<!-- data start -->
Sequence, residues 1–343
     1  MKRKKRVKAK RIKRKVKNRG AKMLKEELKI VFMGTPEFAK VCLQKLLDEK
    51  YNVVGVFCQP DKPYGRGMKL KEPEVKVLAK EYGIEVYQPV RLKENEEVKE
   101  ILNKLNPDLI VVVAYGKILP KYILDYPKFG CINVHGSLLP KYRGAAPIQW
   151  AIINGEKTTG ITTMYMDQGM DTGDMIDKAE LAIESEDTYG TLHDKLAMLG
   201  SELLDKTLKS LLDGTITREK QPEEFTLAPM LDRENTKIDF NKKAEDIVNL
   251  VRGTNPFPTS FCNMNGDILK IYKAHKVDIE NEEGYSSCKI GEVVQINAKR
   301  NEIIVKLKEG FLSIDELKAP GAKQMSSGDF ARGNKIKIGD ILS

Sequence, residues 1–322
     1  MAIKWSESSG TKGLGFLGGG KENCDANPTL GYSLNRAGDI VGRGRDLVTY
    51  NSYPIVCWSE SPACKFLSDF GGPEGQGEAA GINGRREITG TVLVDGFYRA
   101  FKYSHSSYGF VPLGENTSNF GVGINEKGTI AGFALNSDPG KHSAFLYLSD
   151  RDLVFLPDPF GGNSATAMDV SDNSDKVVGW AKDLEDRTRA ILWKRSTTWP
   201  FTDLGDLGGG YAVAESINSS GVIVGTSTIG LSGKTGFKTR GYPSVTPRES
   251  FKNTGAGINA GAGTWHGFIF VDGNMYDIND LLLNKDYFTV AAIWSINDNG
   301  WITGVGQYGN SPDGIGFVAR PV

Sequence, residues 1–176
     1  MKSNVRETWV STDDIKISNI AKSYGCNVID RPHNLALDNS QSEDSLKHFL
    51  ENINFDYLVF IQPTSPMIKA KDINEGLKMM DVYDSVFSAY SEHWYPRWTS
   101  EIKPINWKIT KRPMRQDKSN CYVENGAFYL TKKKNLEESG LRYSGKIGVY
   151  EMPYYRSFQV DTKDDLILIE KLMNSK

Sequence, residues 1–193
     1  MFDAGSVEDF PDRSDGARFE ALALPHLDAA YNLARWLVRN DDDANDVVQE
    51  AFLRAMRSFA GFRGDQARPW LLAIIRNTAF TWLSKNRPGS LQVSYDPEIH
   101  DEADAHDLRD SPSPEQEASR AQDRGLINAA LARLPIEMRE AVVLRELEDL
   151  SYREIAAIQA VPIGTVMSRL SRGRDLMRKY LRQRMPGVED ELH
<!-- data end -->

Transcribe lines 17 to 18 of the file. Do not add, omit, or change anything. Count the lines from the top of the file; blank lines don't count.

Sequence, residues 1–176
     1  MKSNVRETWV STDDIKISNI AKSYGCNVID RPHNLALDNS QSEDSLKHFL